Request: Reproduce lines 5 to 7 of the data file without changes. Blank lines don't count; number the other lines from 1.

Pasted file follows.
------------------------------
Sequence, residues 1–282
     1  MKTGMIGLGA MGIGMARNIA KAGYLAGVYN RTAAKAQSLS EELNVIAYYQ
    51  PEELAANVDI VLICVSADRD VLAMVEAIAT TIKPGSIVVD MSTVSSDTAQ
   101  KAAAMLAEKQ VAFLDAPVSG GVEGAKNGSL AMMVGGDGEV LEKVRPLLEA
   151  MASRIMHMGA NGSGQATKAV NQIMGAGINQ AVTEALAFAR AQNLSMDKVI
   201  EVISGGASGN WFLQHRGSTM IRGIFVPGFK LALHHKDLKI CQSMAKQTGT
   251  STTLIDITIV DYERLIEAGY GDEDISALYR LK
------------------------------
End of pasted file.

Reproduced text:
   151  MASRIMHMGA NGSGQATKAV NQIMGAGINQ AVTEALAFAR AQNLSMDKVI
   201  EVISGGASGN WFLQHRGSTM IRGIFVPGFK LALHHKDLKI CQSMAKQTGT
   251  STTLIDITIV DYERLIEAGY GDEDISALYR LK